Study commission announces five listening sessions; call Gov. Scott today!
Possession and limited cultivation of cannabis has been legal for adults in Vermont since July 1, but sales in the state remain illicit, unregulated, and untaxed. Fortunately, the November election paved the way for the state to legalize and regulate retail sales in 2019. The Vermont Democratic Party officially endorsed legalization and regulation at its convention in August, and then it expanded its legislative majorities in November, increasing the likelihood that the House and Senate will agree to pass a cannabis regulation bill.
Unfortunately, Gov. Phil Scott, who was re-elected, has said that he thinks Vermont “isn’t ready” for retail cannabis. However, now that sales to adults have begun in Massachusetts and Canada, he may be convinced to evolve on the issue in 2019.
Gov. Scott needs to hear that regulating cannabis will create jobs, spur economic development, and produce tax revenue while taking money and power away from organized crime. If he isn’t willing to evolve, we may need to override his veto by earning support from two-thirds majorities in the House and Senate.
Additionally, the study commission has announced that it will be holding five listening sessions around the state. All sessions will begin at 6:30 p.m., and members of the public will be welcome to comment.
• Monday, November 26 in Rutland – Asa Bloomer Building, 2nd Floor, Room 266, 88 Merchants Row
• Wednesday, November 28 in Williston – Williston Central School Auditorium, 195 Central School Drive
• Monday, December 3 – Morse Center, Black Box Theatre, St. Johnsbury Academy, 1000 Main Street, St. Johnsbury, VT
• Wednesday, December 5 – Vermont Veteran’s Home, 325 North Street, Bennington, VT
• Thursday, December 6 – White River Junction National Guard Armory, 240 Main Street, White River Junction, VT
This proposal is a change from the governor’s past views on the topic; he previously said he was opposed to legalization, citing the now-debunked “gateway theory” as the reason. In fact, marijuana is simply a gateway to the criminal justice system and the lifetime of collateral consequences that come with a conviction.
While this is encouraging news, a study commission is only as good as the experts who serve on it. Please help us ensure that the commission includes experts in public health, marijuana policy, and criminal justice reform as well as the law enforcement officers Gov. Cuomo mentioned would be on it.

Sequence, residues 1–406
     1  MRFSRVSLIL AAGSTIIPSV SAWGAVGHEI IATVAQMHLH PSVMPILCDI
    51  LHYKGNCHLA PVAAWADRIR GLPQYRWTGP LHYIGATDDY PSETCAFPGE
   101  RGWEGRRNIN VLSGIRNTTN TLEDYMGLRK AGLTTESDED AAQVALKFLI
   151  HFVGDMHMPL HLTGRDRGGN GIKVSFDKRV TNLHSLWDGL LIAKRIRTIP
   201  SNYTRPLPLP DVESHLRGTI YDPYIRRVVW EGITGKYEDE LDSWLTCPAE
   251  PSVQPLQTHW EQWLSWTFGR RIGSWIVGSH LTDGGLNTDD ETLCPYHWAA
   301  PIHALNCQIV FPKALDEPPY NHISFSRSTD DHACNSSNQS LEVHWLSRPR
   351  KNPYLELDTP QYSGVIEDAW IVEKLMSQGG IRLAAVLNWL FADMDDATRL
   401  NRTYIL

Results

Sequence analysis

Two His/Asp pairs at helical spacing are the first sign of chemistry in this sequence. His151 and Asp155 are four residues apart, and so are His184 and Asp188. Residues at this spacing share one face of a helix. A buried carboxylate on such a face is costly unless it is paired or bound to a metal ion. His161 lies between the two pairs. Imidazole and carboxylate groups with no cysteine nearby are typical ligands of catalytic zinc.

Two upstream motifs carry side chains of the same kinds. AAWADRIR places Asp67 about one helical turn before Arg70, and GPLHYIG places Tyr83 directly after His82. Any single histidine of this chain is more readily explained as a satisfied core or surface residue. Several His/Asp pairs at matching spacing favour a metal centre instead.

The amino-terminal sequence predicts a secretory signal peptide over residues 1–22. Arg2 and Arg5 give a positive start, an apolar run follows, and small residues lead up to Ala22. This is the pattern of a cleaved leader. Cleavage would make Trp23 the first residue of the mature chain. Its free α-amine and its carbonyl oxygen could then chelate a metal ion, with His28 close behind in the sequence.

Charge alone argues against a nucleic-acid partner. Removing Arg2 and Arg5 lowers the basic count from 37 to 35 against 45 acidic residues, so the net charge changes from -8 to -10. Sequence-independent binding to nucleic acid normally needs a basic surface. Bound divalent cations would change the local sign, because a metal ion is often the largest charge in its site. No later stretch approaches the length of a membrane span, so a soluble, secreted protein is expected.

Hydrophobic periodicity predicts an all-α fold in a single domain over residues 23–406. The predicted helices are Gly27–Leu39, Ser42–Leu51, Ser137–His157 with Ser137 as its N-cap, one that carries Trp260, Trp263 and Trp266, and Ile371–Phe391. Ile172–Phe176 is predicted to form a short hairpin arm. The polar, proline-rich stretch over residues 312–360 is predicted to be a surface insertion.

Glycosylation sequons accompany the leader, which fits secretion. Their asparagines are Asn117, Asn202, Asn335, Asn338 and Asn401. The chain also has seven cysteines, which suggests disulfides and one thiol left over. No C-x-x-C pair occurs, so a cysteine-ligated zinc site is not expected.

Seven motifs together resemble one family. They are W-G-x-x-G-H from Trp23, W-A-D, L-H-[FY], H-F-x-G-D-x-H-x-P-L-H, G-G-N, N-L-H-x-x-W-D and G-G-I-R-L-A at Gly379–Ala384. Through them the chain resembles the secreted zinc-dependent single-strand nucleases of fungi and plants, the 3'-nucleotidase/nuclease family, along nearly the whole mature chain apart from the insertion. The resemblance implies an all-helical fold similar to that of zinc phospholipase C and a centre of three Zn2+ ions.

In recent weeks, legislative leaders and Gov. Phil Scott have reaffirmed that the legalization bill, H. 511, is expected to pass in early January. If that happens, marijuana possession and limited cultivation will become legal for adults 21 and older on July 1, 2018.
Despite these reassurances, we know that the vote will be close in the House of Representatives, so we are still fighting to earn every vote we can get. Please take a moment to call or email your representatives and urge them to support passage of H. 511.
Earlier this year, the Vermont became the first state to pass a legalization measure through its legislature. Unfortunately, the bill was vetoed by Gov. Scott, who opted to create a study commission to examine the issue. If the current measure becomes law, it will be the only legalization bill not passed through a voter initiative.
For the third time this year, the Vermont Senate has passed a marijuana legalization bill. This time, the bill has been revised to address Gov. Phil Scott’s concerns, and we have good reason to expect that he will sign it when it reaches his desk.
Unfortunately, it is not clear at all when the amended bill, H. 511, might receive a vote in the House. The House voted to pass a similar bill earlier this year, so there is little question that H. 511 will pass when it is brought to a vote. However, since the current veto session is scheduled to end tomorrow, the bill will not be considered unless three-quarters of House members vote to suspend the rules and allow consideration.
Republican House Leader Don Turner has said that his caucus will likely block the bill from being considered until 2018. Vermonters should not tolerate this attempt to obstruct a reform that has earned the support of the Senate, House, and governor.
“There is no good reason for the House to delay passage of this modest and sensible legislation,” MPP's Matt Simon said in a press release. “Now that Gov. Scott has agreed with the House and Senate that marijuana should be legal for adult use, House Republicans should follow the governor’s lead and vote to advance this compromise. Failing to waive the rules will only mean the marijuana regulatory commission has less time to do its important work.”
If you are a Vermont resident, please call your representatives right now, and urge them to push for an up or down vote on H. 511.